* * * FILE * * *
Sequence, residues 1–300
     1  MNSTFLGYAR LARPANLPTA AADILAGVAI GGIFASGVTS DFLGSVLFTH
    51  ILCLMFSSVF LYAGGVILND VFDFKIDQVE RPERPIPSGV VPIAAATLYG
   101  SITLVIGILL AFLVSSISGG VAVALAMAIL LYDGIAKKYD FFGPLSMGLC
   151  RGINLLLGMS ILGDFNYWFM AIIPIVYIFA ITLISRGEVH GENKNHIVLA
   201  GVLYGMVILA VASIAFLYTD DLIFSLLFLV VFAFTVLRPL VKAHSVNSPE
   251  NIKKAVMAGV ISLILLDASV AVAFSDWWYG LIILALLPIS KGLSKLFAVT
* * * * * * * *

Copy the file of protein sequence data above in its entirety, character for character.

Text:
Sequence, residues 1–300
     1  MNSTFLGYAR LARPANLPTA AADILAGVAI GGIFASGVTS DFLGSVLFTH
    51  ILCLMFSSVF LYAGGVILND VFDFKIDQVE RPERPIPSGV VPIAAATLYG
   101  SITLVIGILL AFLVSSISGG VAVALAMAIL LYDGIAKKYD FFGPLSMGLC
   151  RGINLLLGMS ILGDFNYWFM AIIPIVYIFA ITLISRGEVH GENKNHIVLA
   201  GVLYGMVILA VASIAFLYTD DLIFSLLFLV VFAFTVLRPL VKAHSVNSPE
   251  NIKKAVMAGV ISLILLDASV AVAFSDWWYG LIILALLPIS KGLSKLFAVT